Additionally, Mr. William and Ms. Kate (Duke and duchess of Cambridge) visited the Centre and interacted with children. Other donors and students from University of Delhi visited the Centre.



Case Study

Waseem, a 15 years old boy came to Aasra Centre in May 2016 on the direction of Child Welfare Committee.  When the social worker at Salaam Baalak Trust interacted with child, he was not able to recall anything about his family.  He only shared that he had worked in a hair salon in Old Delhi. He seemed to be grappling with some behavioural issues such as no eye contact, lack of social interaction, inability to make friends, loneliness, slow movement and unusual smile. In view of these signs the staff referred him to the Mental Health Team. The team and psychologist in particular interacted with, held sessions and counselled him. However, his overall condition worsened he became more aloof and locked himself in a room or began sitting in an enclosed almirah. The case was presented before the Salaam Baalak Trust Psychiatrist Dr. Amit Sen. The doctor diagnosed him with Catatonic Schizophrenia and recommended hospitalization immediately. His condition was also shared with the CWC and post their order Waseem was admitted to Institute of Human Behaviour and Allied Sciences, Shahadra for two months.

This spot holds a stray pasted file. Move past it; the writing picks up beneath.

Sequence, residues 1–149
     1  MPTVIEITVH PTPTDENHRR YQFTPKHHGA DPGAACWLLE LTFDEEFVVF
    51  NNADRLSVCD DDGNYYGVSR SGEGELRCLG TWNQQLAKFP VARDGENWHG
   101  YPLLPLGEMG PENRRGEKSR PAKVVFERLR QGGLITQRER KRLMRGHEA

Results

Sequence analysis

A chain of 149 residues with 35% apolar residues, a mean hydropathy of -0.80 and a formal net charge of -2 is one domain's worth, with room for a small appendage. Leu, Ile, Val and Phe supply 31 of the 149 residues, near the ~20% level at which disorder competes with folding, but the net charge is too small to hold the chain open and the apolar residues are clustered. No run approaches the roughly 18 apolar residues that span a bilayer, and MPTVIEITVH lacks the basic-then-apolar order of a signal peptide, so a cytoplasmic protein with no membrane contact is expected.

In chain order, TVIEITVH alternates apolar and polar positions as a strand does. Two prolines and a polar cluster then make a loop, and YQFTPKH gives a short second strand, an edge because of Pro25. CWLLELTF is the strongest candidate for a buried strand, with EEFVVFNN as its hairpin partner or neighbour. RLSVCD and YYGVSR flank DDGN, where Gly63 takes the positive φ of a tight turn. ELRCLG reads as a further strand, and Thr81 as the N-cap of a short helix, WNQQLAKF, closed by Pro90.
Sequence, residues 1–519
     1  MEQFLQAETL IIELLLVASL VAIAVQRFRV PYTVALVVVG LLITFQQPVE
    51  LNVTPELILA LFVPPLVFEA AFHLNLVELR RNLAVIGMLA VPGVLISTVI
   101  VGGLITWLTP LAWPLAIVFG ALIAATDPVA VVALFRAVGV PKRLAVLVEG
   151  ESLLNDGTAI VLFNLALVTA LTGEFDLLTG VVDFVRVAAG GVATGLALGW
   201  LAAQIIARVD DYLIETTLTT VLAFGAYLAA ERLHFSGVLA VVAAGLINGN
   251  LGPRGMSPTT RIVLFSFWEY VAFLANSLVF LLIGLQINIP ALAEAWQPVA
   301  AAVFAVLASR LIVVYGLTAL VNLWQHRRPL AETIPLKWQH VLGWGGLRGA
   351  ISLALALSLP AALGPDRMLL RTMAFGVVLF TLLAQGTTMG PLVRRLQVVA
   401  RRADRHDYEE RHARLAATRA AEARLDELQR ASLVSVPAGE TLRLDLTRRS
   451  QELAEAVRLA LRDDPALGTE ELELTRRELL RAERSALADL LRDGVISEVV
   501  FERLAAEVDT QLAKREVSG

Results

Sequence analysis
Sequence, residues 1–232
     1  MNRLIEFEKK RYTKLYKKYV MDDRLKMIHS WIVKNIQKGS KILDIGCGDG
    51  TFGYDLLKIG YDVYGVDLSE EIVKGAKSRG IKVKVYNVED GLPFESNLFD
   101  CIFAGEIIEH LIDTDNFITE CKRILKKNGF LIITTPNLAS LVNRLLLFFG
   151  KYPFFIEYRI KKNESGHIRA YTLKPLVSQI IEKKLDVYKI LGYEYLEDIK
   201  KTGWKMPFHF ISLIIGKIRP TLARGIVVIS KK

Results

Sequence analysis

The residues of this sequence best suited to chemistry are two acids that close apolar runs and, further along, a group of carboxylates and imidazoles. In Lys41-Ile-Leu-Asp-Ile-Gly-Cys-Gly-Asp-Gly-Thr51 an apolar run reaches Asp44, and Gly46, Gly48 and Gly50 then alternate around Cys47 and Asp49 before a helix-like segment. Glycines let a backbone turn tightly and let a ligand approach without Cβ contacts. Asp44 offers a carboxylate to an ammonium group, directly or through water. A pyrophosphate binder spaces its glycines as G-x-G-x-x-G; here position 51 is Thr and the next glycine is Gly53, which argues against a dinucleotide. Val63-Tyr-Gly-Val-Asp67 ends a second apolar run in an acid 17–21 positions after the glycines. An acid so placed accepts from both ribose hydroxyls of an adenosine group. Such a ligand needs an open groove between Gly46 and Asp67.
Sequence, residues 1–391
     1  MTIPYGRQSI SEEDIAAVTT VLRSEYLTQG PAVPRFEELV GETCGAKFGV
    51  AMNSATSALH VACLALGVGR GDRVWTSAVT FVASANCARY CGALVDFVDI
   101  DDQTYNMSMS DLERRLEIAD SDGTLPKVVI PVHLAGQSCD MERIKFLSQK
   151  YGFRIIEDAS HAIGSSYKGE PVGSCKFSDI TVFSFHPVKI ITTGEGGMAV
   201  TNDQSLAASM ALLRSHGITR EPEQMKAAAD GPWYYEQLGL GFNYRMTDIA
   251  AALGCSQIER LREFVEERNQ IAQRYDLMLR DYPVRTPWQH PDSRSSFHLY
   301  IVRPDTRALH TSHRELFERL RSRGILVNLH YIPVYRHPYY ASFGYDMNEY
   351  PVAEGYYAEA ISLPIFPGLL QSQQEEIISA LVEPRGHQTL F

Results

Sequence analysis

Once Waseem came back to the shelter after the treatment, there was a drastic change in him. He was doing very well and showed active involvement in all daily activities of the Centre. The social worker tried to trace his family but they were unable to do it. Thus, he was transferred to Apnaghar Shelter home for vocational training. At present, he is on medication and psychological therapy. He is also interning in a hair salon and performing very well earning around INR 7000-8000 per month.


Future Plan

SBT team plans to improve the existing quality of services at Aasra Centre through increased networks, better opportunities and staff capacity building. The team is making concerted efforts to reach more number of children in the coming year.